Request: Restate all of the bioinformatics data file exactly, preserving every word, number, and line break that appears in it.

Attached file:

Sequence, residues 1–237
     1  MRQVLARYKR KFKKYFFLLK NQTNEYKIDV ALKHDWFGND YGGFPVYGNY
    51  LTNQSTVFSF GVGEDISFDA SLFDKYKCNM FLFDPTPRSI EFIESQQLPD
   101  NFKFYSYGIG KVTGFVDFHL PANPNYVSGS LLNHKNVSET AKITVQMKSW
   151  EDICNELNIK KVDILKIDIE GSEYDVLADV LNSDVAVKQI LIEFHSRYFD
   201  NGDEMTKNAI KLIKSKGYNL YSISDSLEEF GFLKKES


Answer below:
Sequence, residues 1–237
     1  MRQVLARYKR KFKKYFFLLK NQTNEYKIDV ALKHDWFGND YGGFPVYGNY
    51  LTNQSTVFSF GVGEDISFDA SLFDKYKCNM FLFDPTPRSI EFIESQQLPD
   101  NFKFYSYGIG KVTGFVDFHL PANPNYVSGS LLNHKNVSET AKITVQMKSW
   151  EDICNELNIK KVDILKIDIE GSEYDVLADV LNSDVAVKQI LIEFHSRYFD
   201  NGDEMTKNAI KLIKSKGYNL YSISDSLEEF GFLKKES